“Judicial activism” is a notoriously malleable phrase. Back in 2011, longtime New York Times legal correspondent Linda Greenhouse wrote that for more than 60 years “it’s been clear . . . that the definition lay in the eyes of the beholder – nearly always a disgruntled beholder, since people rarely describe as ‘activist’ a judicial outcome with which they are satisfied. Judicial activism is a protean concept that changes with the times.”
No such note of skepticism sounds in her latest offering, which straightforwardly condemns Justices Samuel Alito and Neil Gorsuch for engaging in judicial activism. She doesn’t actually supply a definition herself, instead repeating the assertion three times (four counting the headline). Their offense consists of wanting to reverse a 1977 Supreme Court precedent that narrowly interpreted the religious accommodations that employers have to extend under the Civil Rights Act of 1964. She closes her column with what is, I suppose, meant as the coup de grâce:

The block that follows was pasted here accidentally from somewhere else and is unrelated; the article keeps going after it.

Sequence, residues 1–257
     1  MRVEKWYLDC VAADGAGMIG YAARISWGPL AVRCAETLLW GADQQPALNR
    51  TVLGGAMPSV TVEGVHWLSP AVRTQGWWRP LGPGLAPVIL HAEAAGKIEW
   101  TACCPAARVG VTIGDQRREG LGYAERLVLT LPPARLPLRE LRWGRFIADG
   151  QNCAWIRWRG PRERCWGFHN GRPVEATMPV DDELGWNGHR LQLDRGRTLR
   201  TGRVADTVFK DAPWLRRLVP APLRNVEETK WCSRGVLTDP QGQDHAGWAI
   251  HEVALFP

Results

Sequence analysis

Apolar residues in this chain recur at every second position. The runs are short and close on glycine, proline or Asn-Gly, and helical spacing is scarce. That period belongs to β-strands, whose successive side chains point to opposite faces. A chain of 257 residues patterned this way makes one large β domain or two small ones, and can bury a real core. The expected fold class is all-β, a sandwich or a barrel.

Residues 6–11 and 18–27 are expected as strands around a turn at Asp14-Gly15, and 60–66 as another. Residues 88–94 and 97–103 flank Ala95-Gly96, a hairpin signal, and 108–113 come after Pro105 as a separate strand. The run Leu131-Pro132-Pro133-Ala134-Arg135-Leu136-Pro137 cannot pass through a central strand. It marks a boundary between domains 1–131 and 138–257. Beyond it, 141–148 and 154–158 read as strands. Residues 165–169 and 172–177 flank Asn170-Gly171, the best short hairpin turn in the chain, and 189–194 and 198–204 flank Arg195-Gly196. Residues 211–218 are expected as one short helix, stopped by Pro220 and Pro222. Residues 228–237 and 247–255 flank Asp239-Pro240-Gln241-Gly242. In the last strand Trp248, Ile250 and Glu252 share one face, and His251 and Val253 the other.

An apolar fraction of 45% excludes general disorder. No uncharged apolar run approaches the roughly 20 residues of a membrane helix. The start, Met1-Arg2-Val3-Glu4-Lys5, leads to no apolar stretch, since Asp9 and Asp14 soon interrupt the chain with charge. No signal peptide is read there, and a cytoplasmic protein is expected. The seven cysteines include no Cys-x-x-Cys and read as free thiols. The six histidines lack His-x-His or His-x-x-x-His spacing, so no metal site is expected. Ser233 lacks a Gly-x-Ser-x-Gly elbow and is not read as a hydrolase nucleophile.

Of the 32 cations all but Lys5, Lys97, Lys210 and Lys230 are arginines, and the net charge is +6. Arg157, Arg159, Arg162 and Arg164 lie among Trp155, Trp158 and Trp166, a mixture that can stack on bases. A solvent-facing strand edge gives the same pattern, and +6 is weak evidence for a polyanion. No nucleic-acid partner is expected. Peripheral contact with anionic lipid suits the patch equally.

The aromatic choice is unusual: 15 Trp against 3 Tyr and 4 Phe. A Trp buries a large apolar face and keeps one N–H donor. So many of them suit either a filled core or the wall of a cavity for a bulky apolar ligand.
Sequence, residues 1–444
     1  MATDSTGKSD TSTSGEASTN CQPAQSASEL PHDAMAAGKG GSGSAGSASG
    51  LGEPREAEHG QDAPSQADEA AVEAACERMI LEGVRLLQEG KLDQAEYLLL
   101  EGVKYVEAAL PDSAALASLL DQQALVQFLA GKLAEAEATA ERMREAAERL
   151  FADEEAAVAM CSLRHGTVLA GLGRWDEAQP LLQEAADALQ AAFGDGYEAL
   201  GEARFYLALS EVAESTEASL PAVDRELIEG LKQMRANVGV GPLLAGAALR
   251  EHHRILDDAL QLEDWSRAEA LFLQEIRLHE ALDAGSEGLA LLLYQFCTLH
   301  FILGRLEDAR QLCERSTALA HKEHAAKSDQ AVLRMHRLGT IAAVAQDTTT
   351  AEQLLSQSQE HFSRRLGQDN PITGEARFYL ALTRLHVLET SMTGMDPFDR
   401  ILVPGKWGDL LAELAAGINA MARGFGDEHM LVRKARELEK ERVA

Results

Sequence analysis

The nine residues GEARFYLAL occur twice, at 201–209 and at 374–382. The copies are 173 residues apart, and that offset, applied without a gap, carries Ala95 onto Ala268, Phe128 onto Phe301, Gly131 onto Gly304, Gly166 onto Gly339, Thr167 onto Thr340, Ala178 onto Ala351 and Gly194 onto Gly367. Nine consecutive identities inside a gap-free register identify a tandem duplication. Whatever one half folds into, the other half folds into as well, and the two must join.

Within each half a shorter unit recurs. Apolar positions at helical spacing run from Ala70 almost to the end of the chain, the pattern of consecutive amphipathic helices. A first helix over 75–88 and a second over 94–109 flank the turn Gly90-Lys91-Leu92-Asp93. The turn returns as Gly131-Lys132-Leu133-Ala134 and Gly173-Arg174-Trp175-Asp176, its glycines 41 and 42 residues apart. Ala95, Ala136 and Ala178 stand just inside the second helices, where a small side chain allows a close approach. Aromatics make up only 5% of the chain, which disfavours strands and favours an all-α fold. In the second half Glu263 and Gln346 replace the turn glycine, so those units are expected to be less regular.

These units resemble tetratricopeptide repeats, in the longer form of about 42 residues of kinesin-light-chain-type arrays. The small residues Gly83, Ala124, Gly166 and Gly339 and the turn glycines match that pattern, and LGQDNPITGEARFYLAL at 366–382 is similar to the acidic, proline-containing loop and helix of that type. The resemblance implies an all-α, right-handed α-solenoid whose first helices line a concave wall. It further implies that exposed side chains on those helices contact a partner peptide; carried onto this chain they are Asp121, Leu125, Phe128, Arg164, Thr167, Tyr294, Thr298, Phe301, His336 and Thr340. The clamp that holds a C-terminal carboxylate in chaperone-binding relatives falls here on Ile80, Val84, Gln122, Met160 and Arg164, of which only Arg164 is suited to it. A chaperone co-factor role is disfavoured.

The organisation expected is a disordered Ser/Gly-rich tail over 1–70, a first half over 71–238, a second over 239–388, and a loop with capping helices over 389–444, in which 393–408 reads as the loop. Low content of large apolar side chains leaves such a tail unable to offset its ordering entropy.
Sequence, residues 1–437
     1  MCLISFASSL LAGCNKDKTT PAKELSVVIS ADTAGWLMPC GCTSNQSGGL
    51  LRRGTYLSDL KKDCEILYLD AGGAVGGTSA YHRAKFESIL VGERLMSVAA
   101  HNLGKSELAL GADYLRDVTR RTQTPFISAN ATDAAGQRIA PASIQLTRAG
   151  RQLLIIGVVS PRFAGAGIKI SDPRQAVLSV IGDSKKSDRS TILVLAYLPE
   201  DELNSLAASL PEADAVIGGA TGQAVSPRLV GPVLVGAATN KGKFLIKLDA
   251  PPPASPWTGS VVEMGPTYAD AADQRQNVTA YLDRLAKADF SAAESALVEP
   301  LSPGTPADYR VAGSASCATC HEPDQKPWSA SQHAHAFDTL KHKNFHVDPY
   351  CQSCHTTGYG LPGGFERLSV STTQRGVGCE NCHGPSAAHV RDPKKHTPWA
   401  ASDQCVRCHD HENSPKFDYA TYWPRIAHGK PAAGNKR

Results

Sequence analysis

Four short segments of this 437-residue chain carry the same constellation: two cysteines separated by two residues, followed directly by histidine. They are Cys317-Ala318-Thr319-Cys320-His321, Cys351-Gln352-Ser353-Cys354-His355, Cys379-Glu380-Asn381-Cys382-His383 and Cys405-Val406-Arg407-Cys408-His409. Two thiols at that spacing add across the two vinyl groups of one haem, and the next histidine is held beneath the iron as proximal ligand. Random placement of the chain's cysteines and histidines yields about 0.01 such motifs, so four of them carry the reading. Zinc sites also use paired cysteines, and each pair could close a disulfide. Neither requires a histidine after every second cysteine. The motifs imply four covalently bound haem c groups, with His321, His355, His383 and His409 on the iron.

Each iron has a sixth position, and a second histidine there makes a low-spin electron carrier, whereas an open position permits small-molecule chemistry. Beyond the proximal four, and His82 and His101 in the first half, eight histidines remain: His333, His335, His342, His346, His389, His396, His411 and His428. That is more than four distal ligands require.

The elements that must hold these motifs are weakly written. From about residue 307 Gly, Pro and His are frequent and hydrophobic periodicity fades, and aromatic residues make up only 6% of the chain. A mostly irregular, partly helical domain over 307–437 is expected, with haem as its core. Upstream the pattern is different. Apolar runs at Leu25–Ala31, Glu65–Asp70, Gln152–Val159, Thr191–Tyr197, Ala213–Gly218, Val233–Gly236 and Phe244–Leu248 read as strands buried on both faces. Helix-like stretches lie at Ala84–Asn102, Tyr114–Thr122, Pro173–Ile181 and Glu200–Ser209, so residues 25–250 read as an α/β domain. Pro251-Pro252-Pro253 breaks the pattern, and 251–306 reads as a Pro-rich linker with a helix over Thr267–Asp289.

Has Congress never considered repudiating the court’s de minimis interpretation of “undue hardship”? Actually, it has: Bills to do just that were introduced in 1994, 1996, 1997, 1999, 2002, 2005, 2007 and 2010. They failed to pass. So now Justice Alito and his one or two allies want to do Congress’s work for it. Someday, maybe soon, when the right case arrives, he may find the additional allies he needs.
That’s what judicial activism looks like.
Remarkably, Greenhouse does not mention that the Supreme Court, less than a year ago, decided a big case involving the interpretation of the very same statute. In that case, the question was whether the statute’s prohibition of discrimination on the basis of sex includes a prohibition on discrimination on the basis of sexual orientation or transgender status. It had never previously been held to include such a prohibition.
Has Congress ever considered changing the law to prohibit such discrimination? Actually, yes it had. Bills of this nature were introduced in 1974, 1975, and every Congress from 1994 to today, with one exception. They failed to pass. Six Supreme Court justices — led by Gorsuch, one of the same justices Greenhouse condemns today — decided to do Congress’s work for it.
Naturally, she urged the Supreme Court to take that step and applauded when it did and said zilch about the failure of the bills in Congress in either column. Somehow the phrase “judicial activism” also didn’t come up either time.